Will: Yeah. So when you, so most of the email service providers, so Gmail, Yahoo, I mean Gmail is the big one. Gmail is like 90% of my emails when they detect a ton of traffic from one IP, that's really, really bursty. So, you know, I send maybe at the time I was sending about 40, 50 emails a day, just sort of normal transactional, thank you for signing up. Here's your password, that kind of emails. So when your traffic goes like 50, 50, 50, 50, 50, 50,000, 50, 50, 50, 50, that kind of spike just doesn't make it through. So you've got to kind of warm it up. So as part of that, I implemented a bunch of transactional emails. So now my daily volume is closer to 400 to 500 emails a day. And then when I send a newsletter, I ramp it up. So instead of going like, you know, 400, 400, 400, 50,000, I’ll do like 400, 1000, 2000, 3000, 10,000, 20,000.
Ramesh: Okay. So you're still doing that thing as opposed to relying purely on the email marketing solutions, like a MailChimp for the world?
Will: Yeah, yeah. I basically built my own newsletter service at this point. That's pretty much the big engineering effort of this year 2019 last year, I guess now.
Ramesh: Okay. Fantastic. So that's good. So you have built it up and then you build up the mail service. That's awesome. And then did it go back to the original at least $2,500 or when, what's happening.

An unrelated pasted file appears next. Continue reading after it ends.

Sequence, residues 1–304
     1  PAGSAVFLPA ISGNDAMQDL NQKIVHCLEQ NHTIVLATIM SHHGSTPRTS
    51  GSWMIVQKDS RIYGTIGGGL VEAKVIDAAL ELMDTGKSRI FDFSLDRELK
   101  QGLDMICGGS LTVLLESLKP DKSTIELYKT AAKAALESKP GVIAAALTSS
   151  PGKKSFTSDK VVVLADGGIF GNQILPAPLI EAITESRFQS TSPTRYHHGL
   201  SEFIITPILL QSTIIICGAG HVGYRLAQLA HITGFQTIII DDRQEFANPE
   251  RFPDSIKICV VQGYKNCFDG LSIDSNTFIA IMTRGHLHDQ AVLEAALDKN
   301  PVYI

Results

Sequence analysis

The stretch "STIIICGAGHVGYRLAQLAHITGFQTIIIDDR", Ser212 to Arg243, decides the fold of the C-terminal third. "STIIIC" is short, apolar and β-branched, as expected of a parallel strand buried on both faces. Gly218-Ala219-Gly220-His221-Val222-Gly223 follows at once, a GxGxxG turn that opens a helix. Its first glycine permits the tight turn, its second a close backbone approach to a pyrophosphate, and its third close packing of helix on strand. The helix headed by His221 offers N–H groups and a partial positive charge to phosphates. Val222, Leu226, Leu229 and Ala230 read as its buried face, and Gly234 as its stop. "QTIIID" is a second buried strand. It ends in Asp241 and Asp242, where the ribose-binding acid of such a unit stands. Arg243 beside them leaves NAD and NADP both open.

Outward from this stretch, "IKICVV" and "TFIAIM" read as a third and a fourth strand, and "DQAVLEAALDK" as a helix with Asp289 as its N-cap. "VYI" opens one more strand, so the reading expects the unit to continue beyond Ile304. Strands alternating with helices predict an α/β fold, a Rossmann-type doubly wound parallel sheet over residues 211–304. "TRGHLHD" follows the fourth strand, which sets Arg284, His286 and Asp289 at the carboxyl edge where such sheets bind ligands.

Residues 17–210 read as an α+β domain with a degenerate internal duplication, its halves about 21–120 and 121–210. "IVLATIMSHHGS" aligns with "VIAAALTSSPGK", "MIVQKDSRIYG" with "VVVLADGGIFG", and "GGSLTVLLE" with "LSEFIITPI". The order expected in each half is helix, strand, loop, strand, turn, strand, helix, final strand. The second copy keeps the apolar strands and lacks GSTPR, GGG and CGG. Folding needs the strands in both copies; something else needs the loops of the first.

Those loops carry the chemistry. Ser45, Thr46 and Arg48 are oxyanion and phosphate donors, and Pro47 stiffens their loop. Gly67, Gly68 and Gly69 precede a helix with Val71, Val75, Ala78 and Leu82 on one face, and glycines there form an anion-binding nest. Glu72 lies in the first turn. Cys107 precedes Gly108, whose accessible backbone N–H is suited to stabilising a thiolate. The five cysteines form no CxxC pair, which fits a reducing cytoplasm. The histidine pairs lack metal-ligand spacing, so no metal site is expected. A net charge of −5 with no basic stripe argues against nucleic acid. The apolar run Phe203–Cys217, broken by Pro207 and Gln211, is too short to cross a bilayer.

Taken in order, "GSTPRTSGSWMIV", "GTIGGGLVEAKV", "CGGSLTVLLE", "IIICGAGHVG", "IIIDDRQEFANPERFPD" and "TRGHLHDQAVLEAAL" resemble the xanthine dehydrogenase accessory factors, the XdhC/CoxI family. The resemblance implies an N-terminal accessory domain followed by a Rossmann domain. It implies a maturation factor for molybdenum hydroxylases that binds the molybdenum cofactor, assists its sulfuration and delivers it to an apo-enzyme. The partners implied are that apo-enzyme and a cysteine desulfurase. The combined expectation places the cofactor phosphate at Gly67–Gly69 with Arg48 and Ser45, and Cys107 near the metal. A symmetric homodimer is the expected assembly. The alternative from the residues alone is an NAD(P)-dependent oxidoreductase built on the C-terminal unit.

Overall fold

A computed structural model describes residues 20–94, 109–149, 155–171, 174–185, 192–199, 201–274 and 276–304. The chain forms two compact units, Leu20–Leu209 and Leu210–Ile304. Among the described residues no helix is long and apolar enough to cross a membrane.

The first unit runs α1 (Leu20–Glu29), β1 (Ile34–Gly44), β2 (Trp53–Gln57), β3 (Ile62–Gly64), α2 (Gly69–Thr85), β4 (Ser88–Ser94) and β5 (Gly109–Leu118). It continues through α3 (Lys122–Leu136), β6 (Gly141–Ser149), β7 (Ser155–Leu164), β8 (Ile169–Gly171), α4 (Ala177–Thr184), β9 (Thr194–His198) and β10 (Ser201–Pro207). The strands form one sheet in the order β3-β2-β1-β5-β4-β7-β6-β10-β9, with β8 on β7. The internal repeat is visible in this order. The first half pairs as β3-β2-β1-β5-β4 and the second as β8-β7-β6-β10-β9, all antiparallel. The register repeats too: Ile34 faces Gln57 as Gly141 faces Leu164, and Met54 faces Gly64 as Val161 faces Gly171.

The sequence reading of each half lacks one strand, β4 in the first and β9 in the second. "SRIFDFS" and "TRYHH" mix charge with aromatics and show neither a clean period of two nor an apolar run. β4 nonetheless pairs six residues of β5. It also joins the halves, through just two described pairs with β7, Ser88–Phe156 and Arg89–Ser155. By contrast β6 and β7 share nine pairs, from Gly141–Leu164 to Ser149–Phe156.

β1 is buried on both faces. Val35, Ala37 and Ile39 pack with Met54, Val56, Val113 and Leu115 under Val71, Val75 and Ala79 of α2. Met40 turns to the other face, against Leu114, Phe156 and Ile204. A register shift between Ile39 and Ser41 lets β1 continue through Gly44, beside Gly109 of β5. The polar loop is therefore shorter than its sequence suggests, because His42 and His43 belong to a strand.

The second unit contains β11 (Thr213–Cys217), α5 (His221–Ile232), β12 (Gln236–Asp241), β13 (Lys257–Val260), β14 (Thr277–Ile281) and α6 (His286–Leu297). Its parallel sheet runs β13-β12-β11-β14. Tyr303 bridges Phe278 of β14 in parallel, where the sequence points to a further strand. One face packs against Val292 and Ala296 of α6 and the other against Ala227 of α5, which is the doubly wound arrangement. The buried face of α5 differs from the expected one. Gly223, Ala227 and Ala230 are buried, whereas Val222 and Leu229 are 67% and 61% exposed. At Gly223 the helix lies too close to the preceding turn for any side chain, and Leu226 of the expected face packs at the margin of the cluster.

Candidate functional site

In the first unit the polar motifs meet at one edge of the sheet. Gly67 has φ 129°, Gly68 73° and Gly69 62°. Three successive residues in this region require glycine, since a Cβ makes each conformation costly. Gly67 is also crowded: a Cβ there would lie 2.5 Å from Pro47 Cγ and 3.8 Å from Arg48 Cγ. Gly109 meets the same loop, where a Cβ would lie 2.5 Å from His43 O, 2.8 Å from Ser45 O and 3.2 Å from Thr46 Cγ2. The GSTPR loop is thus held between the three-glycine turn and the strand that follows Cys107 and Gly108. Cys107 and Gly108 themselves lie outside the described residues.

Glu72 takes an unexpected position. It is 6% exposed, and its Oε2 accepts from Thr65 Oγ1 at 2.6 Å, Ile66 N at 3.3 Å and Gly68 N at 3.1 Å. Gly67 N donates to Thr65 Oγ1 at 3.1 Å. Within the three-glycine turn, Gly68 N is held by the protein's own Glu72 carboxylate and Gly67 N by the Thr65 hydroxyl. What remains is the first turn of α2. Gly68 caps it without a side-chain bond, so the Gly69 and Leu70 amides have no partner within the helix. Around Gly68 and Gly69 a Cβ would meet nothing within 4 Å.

Will: It's improving. So I'd say you know, March through September, August, September, it was pretty flat around making it about a thousand profit a month and that sort of like profit from an analytics side I would say that like an EBITDA side. So, you know, I financed the business when I bought it, so I'm still paying, you know, $400 or $500 a month in debt service. So, not a whole lot of profits starting around like September, that outreach started to seem like it would work a little bit. And so the numbers started ticking up. This most recent month there's another algorithm update a couple of days ago. There was one in December. Those have all benefited me, so I'm starting to see traffic for my top keywords again. And so it's looking like this month will probably be closer to 1500 or 2000, and its sort of on an upward trajectory again.
Ramesh: Fantastic. Okay. So it's a fascinating story, right? So you bought a business instead of building it and then you went through, the reasons why like you didn't want to spend, you know, enough number of hours just building it. And then you went to the pricing discussion. You went through the ups and downs of building the website to that. So now you started the whole thing as a side hustle, as a side business. Okay. So let's talk about what are your thoughts now, now that you have a business that is at least minimum of $1,000 on the side that's getting you on, you have a full-time job. So are you feeling comfortable that at some point you will quit your job and then focus on your business?